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Get Smart: Season One

HBO
Show A
Special Features C+
DVD Geek Factor 7 (out of 10)

While this show from the '60s has found a home on various nostalgia channels, I really haven't seen it since sick days during high school, when I would stay home and watch daytime television (this is also the case with Love, American Style, Gilligan's Island and I Love Lucy). I forgot how truly funny Don Adams was as Maxwell Smart, Agent 86 with the secret government agency, CONTROL.

Created by Mel Brooks and Buck Henry, Get Smart's lead character is a hybrid of The Pink Panther's Inspector Clouseau and James Bond. The jokes have aged well, especially the very first one in the series, where Smart's shoe phone goes off in a theater, well before the advent of cellular phones.

The first season consisted of guest stars like Leonard Nimoy, Ted Knight and even Johnny Carson. (Bernie Kopell's classic Smart nemesis, Seigfried, would not show up until the second season.)

The pilot episode, "Mr. Big," was shot in black and white, and featured Barbara Feldon, Max's partner Agent 99, right out of the gate. The series would shift to color with its second episode.

Special Features: Just a few commentaries--one each from Brooks, Henry and Feldon.


Son of Rambow

Paramount
Movie B+
Special Features B+
DVD Geek Factor 7.5 (out of 10)

Two English youngsters (Will Poulter and Bill Milner) in the early-'80s pick up a video camera and make their own Rambo movie.

Poulter is especially good in the breakout role of Lee Carter, a school bully who is looking to go beyond harassing classmates and create something. Milner is equally capable as Will Proudfoot, the boy Carter drafts into the production. Milner has a bit of a Freddie Highmore thing going, while Poulter's work reminds of the kid who played The Butcher Boy in Neil Jordan's overlooked classic.

Their homemade movie is side-splittingly funny, especially when they get an old man at a retirement home to play Rambo. The film is directed by Garth Jennings, who did a decent job with The Hitchhiker's Guide to the Galaxy.

It's one of the year's more unique films. You've got to love a movie where Rambo is portrayed by a craggy old dude in a retirement home. Oops ... we actually got that with the latest Stallone Rambo flick, didn't we?

Special Features: The director and cast provide a fun commentary. Milner, Poulter and Jennings are quite compelling in a making-of documentary. Milner and Poulter seem possessed by 30-year-olds while talking about the experience. The film marked their first professional jobs, but they are so poised that you would think they've been acting for years. There's also Jennings' home movie Aron, the inspiration for Rambow. He filmed it at home when he was just a pup, and it's very cute.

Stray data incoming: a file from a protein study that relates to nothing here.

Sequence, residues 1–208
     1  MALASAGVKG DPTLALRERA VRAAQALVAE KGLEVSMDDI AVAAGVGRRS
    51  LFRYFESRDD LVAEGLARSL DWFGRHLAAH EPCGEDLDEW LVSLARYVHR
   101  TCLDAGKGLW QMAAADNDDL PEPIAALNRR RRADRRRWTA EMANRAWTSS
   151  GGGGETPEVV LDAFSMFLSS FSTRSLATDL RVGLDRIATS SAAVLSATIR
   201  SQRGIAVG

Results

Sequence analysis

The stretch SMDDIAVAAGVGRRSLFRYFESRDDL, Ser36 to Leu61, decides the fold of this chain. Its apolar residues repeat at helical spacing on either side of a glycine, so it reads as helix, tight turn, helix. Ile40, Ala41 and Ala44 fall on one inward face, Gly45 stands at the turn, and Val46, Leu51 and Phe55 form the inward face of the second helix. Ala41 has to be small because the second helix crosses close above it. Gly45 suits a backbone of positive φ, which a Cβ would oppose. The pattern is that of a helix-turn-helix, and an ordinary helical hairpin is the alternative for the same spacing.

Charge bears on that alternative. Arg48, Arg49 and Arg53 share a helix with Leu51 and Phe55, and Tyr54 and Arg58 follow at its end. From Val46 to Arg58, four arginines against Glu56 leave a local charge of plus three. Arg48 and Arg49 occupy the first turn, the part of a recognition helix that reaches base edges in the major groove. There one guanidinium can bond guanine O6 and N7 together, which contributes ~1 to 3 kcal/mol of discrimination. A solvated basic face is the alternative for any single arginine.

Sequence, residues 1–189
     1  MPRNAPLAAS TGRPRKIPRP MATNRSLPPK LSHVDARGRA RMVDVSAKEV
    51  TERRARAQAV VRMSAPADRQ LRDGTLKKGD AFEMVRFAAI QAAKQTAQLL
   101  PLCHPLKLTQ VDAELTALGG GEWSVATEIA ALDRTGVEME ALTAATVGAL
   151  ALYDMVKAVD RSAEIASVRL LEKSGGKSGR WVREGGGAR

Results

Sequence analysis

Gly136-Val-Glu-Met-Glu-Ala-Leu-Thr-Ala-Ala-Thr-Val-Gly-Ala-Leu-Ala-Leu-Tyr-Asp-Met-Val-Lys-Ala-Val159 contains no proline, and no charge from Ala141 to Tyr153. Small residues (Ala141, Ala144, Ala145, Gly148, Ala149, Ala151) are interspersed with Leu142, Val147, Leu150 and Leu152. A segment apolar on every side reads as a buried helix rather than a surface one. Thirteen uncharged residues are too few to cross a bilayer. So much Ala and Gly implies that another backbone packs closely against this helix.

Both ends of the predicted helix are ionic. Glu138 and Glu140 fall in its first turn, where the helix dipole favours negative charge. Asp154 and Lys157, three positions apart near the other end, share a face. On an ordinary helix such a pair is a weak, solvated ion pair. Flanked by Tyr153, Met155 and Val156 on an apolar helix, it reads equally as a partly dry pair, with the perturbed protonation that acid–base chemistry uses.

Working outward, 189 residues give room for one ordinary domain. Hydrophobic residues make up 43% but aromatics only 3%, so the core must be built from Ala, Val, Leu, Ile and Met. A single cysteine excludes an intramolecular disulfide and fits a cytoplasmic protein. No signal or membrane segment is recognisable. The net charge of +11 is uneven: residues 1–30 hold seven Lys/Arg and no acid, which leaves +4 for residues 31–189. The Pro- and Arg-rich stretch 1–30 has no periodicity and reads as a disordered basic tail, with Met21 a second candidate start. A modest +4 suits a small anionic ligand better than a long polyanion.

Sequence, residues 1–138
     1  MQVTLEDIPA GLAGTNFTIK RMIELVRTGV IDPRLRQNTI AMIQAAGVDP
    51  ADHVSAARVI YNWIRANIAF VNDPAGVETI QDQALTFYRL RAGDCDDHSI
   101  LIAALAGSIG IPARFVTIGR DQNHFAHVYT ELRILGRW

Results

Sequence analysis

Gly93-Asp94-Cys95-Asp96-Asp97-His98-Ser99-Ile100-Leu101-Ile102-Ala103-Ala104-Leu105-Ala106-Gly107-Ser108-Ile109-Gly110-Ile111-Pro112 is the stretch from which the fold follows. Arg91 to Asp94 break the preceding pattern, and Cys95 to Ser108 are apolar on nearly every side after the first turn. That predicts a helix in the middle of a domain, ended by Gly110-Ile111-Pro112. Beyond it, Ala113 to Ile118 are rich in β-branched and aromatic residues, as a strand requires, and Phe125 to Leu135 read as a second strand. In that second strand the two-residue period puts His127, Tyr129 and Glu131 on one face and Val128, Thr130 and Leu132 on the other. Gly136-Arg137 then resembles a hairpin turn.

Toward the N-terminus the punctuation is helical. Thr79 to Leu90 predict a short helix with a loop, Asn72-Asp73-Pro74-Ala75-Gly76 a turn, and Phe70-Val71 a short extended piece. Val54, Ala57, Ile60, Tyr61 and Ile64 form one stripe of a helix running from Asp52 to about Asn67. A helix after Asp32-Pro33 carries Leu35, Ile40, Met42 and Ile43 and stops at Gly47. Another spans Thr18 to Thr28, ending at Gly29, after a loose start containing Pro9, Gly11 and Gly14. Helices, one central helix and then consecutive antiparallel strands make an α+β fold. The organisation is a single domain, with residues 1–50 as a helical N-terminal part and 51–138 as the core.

WarGames: The Dead Code

MGM
Movie D-
Special Features C-
DVD Geek Factor 1.25 (out of 10)

The cavalcade of direct-to-video sequels continues with this, the follow-up to the Matthew Broderick computer classic of yesteryear. Director Stuart Gillard, the mastermind behind such fare as RocketMan and Twitches Too, actually incorporates stuff from the original, like the creepy Joshua computer voice, and his creator, Dr. Stephen Falken. Alas, that's about all the cool things that can be said about this piece of trash.

Ashton Kutcher lookalike Matt Lanter stars as Will Farmer, a video-game geek who stumbles upon a game used by the government to sniff out terrorists. He gets real good at the game, so the government thinks he's a terrorist and starts harassing his couch-potato ass. Or at least I think that's what is happening in this movie. I really couldn't tell, for it rambled incoherently and failed to register on any level.

I'm refraining from giving this an F, for it is better than the Lost Boys sequel. That's not high praise, but we do grade these things on a scale, so I have to be fair.

Special Features: A commentary and making-of that need not be watched.


Starship Troopers 3: Marauder

Sony
Movie F
Special Features D
DVD Geek Factor 1 (out of 10)

Yes folks, that's right: I watched three direct-to-video sequels in two weeks so that you won't have to. I need to go to the doctor; I fear that the ingestion of all of this bad cinema has resulted in pancreatic damage.

Casper Van Dien (Johnny Rico from the original film) returns to the party, which has gone from being total fun to total shit. It looks as if the production was given one set (a steel maze) for the actors to run around in. The monsters, especially a giant scorpion, look like things you would see in a traveling carnival's haunted house. We are talking really bad effects here.

Nothing more needs to be said. You must avoid this at all costs, and I'm taking a break from these direct-to-video sequels.

Special Features: A making-of and a commentary designed to rot your brain.

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